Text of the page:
Location based marketing offers companies a unique and compelling opportunity to use location based services to promote their brands in real-time. The idea that people can use their mobile devices to interact with their environment has quickly caught on in the recent years.
According to research, around one fifth of mobile users have active location services. One of the most popular location based apps, Foursquare, has reported that it has 30 million registered users worldwide. And if you’ve been told that check-in services are on their way out and that popularity of these services has been reducing; let me just add that Foursquare was expected to cross 750 million check-ins by the end of June 2013, with an average of about 3 million check-ins per day. The company not only achieved this target, but in fact, shattered the prediction by achieving 3 billion check-ins by as early as April 2013. Clearly, the geolocation based services have a lot to offer throughout global markets and beyond, with check-ins coming in from as far as outer space. It’s true! In fact, NASA astronaut Doug Wheelock used Foursquare to check-in from space, the first of its kind!
So what do Geolocation services have to offer the marketer?
Today’s consumer is not only highly mobile but also very engaged on social media platforms. Geolocation apps allow these consumers to engage with their social circles by providing information about their environments in real time. This not only indicates the user’s popularity, but also the influence of their choices on their social circles and vice versa.
Almost any business, including food and beverage stores, departmental stores, cinemas, clubs and restaurants and even malls, can exploit location based marketing to lure customers and push sales.
A number of location-based strategies, segmented broadly into ‘Push’ and ‘Pull’ strategies can be implemented. Push methods are aggressive methods to lure consumers, like creating a geo fence and using Bluetooth or SMS to send alerts when consumers are in close proximity to a store or venue. The downside to push methods is that customers may find these tactics invasive, and would therefore be less receptive to marketing messages.
A pull strategy is a better approach, and this means using consumers’ locations and search habits to serve up information and offers that can entice consumers to walk into local outlets. Brands can use location data to target consumers in the local area and provide them with last minute offers on tickets or coupons as well as goodies as a motivation to influence purchase decision.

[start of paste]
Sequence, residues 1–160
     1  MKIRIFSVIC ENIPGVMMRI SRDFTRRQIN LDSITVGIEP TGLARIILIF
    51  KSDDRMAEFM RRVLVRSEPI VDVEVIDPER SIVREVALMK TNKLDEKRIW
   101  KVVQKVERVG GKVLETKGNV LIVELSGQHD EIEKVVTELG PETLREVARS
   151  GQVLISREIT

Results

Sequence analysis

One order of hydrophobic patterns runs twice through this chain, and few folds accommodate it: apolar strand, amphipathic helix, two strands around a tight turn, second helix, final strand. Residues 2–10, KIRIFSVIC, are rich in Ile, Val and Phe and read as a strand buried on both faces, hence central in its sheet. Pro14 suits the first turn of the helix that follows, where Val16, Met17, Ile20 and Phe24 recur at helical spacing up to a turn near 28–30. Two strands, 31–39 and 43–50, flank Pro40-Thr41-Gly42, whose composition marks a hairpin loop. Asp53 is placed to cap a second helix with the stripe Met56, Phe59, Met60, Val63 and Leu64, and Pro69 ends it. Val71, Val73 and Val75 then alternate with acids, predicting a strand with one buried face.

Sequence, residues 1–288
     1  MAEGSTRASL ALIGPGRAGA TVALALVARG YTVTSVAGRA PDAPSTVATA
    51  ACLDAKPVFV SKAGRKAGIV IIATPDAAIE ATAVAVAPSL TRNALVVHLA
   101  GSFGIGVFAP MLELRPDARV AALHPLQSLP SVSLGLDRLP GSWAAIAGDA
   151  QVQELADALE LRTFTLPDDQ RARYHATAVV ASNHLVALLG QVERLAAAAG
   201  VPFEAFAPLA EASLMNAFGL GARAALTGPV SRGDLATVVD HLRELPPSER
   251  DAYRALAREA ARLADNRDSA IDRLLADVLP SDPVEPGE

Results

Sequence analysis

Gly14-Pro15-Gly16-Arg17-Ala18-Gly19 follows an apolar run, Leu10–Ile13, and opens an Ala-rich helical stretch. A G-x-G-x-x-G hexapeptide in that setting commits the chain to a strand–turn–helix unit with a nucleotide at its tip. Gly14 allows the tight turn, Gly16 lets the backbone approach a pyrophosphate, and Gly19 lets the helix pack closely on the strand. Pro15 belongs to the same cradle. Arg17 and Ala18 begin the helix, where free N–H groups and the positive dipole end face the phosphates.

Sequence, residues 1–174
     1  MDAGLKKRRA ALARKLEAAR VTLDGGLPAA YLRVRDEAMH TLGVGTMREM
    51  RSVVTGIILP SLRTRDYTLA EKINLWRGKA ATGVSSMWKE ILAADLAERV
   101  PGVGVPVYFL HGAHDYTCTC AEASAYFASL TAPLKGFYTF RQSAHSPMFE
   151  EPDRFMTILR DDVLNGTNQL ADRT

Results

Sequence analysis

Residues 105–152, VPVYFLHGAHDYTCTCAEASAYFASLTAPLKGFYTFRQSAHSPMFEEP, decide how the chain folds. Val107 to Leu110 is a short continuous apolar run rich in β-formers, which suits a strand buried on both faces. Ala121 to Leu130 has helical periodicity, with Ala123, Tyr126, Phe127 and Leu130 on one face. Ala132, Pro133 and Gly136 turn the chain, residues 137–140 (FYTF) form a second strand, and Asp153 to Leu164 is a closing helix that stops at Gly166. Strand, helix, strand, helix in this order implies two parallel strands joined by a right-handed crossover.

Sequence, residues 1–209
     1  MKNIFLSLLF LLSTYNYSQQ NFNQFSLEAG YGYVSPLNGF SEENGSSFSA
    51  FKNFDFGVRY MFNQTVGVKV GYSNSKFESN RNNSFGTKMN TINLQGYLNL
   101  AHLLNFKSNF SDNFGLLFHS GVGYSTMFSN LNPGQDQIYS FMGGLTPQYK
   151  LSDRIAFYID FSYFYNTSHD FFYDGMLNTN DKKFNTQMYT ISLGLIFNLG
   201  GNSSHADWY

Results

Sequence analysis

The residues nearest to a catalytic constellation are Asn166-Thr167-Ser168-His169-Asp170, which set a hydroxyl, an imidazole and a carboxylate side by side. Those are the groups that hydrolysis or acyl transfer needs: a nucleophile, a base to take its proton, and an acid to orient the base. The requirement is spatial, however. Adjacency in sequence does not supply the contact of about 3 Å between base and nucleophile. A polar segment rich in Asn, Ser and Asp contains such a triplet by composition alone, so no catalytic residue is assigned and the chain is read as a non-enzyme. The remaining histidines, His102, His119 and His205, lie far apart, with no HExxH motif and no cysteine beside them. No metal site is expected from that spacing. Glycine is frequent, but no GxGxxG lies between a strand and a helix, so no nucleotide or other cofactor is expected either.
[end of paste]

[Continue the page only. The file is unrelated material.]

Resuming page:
With so many apps out there, it can be a challenge to get your brand onto a consumer’s smart phone, so you need to be innovative and offer compelling reasons for people to download and use your apps. Getting it right can change the fate of your business. A digital marketing company specialized in development and promotion of mobile marketing apps can help you leverage geolocation to the fullest. Here are some examples of brands that leveraged geolocation marketing to spike up business:
McDonald’s launched a new ‘extended hours’ service targeting consumers, mostly late night travelers and shift workers, between 11:00 p.m. and 7:00 a.m. But the service was only available at one third of McDonald’s outlets in the UK. They decided to use mobile and geolocation marketing tactics in particular to promote it. They created a mobile restaurant finder app which directed users to their nearest 24-hour outlet. Geofencing pushed the McDonald’s messaging only to those in close proximity of their extended hours stores. They also tracked the placed mobile banner ads to promote the app on websites it knew customers frequented at night. It was the only medium that could help them target the right consumers at the right time and the right place. The app clocked 5,30,000 visits in 12 week period and McDonald’s doubled their returns by making made 2 pounds in sales for every one pound invested!
Meat Pack, a Guatemalan shoe store, used mobile targeting to devise a brilliant concept to lure customers from competitor brands such as Nike and Adidas.
It involved a geofence around competitor stores, targeting customers who were interested in sneakers, offering them a discount that started at 99% off and reduced by 1% for every second that passed. The timer stopped when the user reached a Meat Pack store. More than 600 shoppers were hijacked from the competitors within a week, with one very swift customer getting 89% discount off of his new trainers.
Toyota wanted to allow kids to experience the pleasure of driving. Toyota launched an app called the ‘Backseat Driver’ using location technology to allow kids to drive a virtual car from the backseat of an actual car. Kids sitting with their parents could take a virtual drive, linked by GPS, to the actual route of their car. They were able to see actual landmarks along the route; and this allowed many kids around the world to experience the fun of driving. The virtual cars could be customized and updates could be shared on all social channels including Twitter. Till date, this app encourages customer engagement, and has been downloaded over 100,000 times.
The History Channel:
The History Channel teamed up with Foursquare to educate users about important historical landmarks across the USA and UK. Each time users checked-in at the location, they received contextual tips. This got hugely popular, with the page picking up over 20,000 new followers within a month and becoming one of the most popular pages on Foursquare. The page has close to 738,000 followers today.
Geomarketing is clearly here to stay and is revolutionizing the way brands reach their target customers, right in the palm of their hands, and that too in real time!
If the digital marketing strategy for your brand hasn’t integrated location based marketing yet, it’s high time it did. If you snooze, you lose!